Jan. 4, 2016

The European Aviation Safety Agency (EASA) recently announced two decisions favorable to business aircraft operators in the context of the new third-country operator (TCO) authorization scheme, which takes effect in November 2016. The changes follow discussions with EASA officials and leaders from NBAA and other organizations.

EASA is notifying operators who applied for the TCO authorization that they will not require a change to existing flight data recorder (FDR) equipment, provided the already-installed FDR gear is on an aircraft that received a certificate of airworthiness prior to Nov. 26, 2016.

EASA also clarified that the alleviation does not apply to aircraft that do not have an FDR.

NBAA’s Manager, Operations Brian Koester met with EASA’s Section Manager for Third-Country Operators Sascha Oliver Schott, and other EASA officials to discuss concerns with the TCO program. The conversation focused on FAA-compliant business aircraft that did not meet current ICAO FDR standards. The FAA’s FDR regulations are based on minimum passenger seating configuration, while ICAO standards are based on the aircraft’s maximum takeoff weight. Because of this difference, a large number of business aircraft operators were found to be compliant with FAA regulations but not ICAO Standards.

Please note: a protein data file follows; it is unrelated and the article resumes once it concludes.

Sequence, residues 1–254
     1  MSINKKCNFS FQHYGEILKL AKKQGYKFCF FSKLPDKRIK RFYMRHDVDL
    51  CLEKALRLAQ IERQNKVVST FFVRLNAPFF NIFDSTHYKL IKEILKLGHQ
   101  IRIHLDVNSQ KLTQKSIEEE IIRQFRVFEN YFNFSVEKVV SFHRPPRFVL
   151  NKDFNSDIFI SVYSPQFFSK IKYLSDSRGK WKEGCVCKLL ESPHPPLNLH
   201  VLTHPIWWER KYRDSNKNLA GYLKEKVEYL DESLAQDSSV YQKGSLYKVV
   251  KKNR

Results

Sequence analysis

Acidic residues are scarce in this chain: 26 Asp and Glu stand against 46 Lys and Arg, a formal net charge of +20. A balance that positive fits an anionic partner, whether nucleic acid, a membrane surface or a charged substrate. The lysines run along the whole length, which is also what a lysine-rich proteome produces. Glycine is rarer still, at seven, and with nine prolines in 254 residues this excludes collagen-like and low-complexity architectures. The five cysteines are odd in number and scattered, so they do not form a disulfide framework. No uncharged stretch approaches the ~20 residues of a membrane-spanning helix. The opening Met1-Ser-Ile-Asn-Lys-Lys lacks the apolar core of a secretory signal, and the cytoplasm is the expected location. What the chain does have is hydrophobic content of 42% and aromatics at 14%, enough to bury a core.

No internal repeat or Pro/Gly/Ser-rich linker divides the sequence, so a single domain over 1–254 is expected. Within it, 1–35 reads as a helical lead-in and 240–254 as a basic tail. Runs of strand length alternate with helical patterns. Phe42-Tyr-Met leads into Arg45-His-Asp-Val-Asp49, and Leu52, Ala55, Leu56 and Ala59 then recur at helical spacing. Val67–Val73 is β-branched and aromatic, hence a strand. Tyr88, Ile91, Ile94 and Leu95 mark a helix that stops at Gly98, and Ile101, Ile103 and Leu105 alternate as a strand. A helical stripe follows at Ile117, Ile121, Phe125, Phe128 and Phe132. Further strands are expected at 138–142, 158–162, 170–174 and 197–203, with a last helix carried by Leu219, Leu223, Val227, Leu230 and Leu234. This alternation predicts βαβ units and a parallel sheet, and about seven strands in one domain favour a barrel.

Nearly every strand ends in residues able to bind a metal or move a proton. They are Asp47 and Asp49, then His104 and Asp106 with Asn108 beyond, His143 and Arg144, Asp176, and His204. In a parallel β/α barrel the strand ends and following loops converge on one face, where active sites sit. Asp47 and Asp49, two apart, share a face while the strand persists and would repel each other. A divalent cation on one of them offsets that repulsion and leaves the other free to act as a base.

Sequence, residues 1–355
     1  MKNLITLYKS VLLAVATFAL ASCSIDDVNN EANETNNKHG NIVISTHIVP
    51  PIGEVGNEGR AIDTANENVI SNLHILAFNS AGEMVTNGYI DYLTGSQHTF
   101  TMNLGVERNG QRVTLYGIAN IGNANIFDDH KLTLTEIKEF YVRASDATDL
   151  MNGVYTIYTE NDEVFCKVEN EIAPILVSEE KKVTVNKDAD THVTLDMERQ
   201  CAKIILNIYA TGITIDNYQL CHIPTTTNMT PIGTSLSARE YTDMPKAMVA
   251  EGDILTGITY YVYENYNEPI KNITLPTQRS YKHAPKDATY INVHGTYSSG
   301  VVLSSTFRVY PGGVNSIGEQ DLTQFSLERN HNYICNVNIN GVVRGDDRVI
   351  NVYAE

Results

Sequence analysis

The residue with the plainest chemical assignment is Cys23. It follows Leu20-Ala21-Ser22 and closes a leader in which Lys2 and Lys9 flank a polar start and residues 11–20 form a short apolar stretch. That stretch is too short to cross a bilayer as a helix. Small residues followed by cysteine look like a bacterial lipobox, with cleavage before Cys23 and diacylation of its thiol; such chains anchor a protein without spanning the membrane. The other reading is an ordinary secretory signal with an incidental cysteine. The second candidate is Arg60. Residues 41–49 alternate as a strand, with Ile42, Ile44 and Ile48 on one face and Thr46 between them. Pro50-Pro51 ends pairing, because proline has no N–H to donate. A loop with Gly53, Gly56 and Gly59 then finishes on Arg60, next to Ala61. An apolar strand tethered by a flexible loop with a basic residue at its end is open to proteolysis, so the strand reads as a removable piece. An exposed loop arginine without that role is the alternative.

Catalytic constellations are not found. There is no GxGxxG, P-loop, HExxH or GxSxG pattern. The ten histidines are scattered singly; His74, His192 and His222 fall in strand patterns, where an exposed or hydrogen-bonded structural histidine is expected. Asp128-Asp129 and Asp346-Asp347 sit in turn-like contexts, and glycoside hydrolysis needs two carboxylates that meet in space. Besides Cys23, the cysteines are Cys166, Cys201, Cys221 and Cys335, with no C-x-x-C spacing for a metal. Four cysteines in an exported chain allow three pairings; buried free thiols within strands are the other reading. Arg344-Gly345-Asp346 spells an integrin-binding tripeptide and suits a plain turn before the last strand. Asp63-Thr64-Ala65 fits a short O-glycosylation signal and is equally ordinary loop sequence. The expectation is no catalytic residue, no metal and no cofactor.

“We have undertaken technical analysis of the topic with a view to what is the current situation for EU-registered aircraft in terms of equipage with FDR, taking a non-discriminatory approach, ensuring a level playing field for all operators. But also with consideration of technical feasibility and the financial impact on retrofit initiatives,” said Schott.

EASA has also created a “virtual business aircraft” category, which will save operators time when adding a new aircraft type to their TCO authorization. Instead of applying for prior re-authorization by EASA, a process that could take up to 30 days, operators may add their new aircraft type through the agency’s online TCO internet portal.

“The operator can notify this new aircraft type by entering the information in our database and use the aircraft of this new fleet for flights to the EU without having to wait,” Schott said. “We will still perform a technical review of new aircraft types which have been added by the operator but this may be conducted some time later.”

The new “TCO Business Aircraft” category encompasses aircraft with these criteria:

  • Not used for scheduled operations
  • Multi-engine passenger aeroplane
  • Operated by multi-crew
  • Does not exceed an MCTOM of 45,500 kg [100,310 lbs]
  • Maximum 19 passengers
  • Holds an EASA type certificate

“It is a simplification of the re-approval process after having made changes and an acceleration to make use of the aircraft without waiting for our formal approval,” Schott added. “It applies to approximately 250 operators worldwide who will enjoy the benefits of this business aircraft group specification by having much more operational flexibility when making changes to their fleet.”

NBAA and the Canadian Business Aviation Association (CBAA) are continuing to discuss other operator concerns with EASA, such as safety management system (SMS) requirements.

“EASA is currently working with the FAA on pragmatic proposals for US Part-135 operators engaging in EU operations to establish compliance with international ICAO standards pertaining to SMS,” Schott said.